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Understanding Other MindsPerspectives from developmental social neuroscience$
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Simon Baron-Cohen, Michael Lombardo, and Helen Tager-Flusberg

Print publication date: 2013

Print ISBN-13: 9780199692972

Published to Oxford Scholarship Online: September 2013

DOI: 10.1093/acprof:oso/9780199692972.001.0001

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Autism

Autism

Self and others

Chapter:
(p.397) Chapter 22 Autism
Source:
Understanding Other Minds
Author(s):

Peter R. Hobson

Jessica A. Hobson

Publisher:
Oxford University Press
DOI:10.1093/acprof:oso/9780199692972.003.0022

In this chapter on Autism: Self and others, we consider how some, but only some, components of self-other relations and self-experience are affected in children who present with the syndrome of autism. We draw upon clinical accounts as well as experimental studies on the psychology of autism, to illustrate that it is specifically in relation to the children’s connectedness with, yet differentiation from, other persons that difficulties arise. We trace how signs of the children’s relative impairment in identifying with the attitudes of others appear in a variety of domains such as relational self/other awareness, self-conscious emotions, imitation, interpersonal understanding (including ‘theory of mind’) and role-taking in language. We also consider neuroscientific research perspectives. At root, autism involves disruption in a system of intersubjective engagement that implicates mutual relations which ground joint reference to a shared world.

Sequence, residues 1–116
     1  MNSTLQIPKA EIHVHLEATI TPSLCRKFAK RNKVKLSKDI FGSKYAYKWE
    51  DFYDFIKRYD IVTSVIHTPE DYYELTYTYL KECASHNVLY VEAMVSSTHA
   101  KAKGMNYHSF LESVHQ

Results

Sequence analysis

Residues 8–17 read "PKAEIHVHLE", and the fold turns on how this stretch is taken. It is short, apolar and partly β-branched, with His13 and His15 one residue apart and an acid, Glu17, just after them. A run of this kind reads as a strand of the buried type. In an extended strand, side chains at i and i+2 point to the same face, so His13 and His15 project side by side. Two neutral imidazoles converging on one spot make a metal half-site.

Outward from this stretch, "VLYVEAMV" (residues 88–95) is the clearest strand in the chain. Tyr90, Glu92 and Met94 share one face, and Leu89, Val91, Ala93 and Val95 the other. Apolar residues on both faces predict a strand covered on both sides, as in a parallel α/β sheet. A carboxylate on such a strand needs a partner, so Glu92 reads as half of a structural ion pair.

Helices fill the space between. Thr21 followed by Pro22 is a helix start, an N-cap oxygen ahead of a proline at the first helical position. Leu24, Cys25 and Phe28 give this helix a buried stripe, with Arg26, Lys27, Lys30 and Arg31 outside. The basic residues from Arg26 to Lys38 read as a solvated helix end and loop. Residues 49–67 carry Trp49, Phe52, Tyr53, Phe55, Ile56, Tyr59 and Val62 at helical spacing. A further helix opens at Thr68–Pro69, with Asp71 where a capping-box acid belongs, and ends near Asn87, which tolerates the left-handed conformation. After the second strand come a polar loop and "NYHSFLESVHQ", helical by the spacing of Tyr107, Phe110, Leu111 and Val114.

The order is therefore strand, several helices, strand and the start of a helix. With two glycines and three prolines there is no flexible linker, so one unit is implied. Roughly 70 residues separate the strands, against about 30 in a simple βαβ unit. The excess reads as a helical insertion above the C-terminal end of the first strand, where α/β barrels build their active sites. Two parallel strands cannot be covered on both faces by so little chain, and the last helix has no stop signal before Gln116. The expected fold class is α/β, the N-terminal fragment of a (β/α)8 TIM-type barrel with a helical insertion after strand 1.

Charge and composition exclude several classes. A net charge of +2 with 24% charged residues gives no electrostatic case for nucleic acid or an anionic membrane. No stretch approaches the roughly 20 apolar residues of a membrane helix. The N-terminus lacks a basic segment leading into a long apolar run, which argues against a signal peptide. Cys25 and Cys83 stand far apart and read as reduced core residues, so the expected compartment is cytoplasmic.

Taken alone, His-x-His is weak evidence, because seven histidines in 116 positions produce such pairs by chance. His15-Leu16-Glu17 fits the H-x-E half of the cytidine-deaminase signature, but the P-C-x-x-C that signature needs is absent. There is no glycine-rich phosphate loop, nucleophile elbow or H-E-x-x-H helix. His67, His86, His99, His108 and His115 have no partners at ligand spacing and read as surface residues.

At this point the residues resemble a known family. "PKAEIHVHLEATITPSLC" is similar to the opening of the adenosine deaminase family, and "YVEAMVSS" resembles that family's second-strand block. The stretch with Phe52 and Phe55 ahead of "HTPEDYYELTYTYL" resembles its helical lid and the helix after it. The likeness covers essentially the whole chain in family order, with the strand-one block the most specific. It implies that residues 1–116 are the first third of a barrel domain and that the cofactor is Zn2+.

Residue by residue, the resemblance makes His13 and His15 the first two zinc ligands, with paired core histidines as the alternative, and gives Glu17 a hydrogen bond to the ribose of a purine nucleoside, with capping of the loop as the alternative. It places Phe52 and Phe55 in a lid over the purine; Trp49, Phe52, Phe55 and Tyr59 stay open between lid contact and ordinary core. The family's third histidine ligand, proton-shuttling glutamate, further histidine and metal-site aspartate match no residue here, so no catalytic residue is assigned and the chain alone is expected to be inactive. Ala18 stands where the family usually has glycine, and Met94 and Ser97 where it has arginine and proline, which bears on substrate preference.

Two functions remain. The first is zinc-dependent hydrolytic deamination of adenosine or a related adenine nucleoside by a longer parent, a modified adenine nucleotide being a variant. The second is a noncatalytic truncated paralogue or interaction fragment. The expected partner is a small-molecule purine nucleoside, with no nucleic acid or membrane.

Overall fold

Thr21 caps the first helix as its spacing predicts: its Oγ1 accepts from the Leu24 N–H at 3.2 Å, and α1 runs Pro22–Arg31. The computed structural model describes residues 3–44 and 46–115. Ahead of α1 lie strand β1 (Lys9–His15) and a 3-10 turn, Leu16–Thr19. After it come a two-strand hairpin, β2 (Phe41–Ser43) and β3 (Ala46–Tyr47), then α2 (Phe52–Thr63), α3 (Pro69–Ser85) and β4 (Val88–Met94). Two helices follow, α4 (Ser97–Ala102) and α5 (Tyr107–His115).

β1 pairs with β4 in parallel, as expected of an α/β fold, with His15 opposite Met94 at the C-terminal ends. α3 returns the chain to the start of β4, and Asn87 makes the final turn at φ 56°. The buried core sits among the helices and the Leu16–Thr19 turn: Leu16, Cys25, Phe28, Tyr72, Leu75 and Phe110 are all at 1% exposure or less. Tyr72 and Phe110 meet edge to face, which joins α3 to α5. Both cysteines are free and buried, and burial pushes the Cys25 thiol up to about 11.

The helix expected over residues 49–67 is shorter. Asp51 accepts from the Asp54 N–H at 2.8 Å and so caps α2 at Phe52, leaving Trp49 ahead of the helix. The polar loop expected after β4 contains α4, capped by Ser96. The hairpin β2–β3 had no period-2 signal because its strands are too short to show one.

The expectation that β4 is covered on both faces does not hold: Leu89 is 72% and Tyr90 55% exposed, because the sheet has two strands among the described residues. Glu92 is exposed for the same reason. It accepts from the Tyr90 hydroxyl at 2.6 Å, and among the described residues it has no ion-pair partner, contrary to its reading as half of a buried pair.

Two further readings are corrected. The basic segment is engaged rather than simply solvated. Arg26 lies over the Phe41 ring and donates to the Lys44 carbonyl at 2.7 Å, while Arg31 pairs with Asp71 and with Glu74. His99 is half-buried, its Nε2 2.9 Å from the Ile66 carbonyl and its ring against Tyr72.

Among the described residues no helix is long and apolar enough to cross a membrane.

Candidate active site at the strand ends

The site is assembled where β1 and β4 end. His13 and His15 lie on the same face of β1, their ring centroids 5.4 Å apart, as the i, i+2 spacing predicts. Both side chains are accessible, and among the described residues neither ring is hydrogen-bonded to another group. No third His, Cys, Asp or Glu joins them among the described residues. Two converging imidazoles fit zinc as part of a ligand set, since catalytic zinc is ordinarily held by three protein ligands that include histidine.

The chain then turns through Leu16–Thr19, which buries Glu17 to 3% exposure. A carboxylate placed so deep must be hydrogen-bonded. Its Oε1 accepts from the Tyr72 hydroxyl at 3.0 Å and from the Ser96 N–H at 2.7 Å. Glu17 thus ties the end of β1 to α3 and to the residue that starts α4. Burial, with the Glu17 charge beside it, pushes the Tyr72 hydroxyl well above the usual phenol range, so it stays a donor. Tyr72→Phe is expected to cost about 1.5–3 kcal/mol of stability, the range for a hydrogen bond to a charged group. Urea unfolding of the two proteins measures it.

Keywords:   Autism, self, self-conscious emotions, intersubjectivity, role-taking, identification

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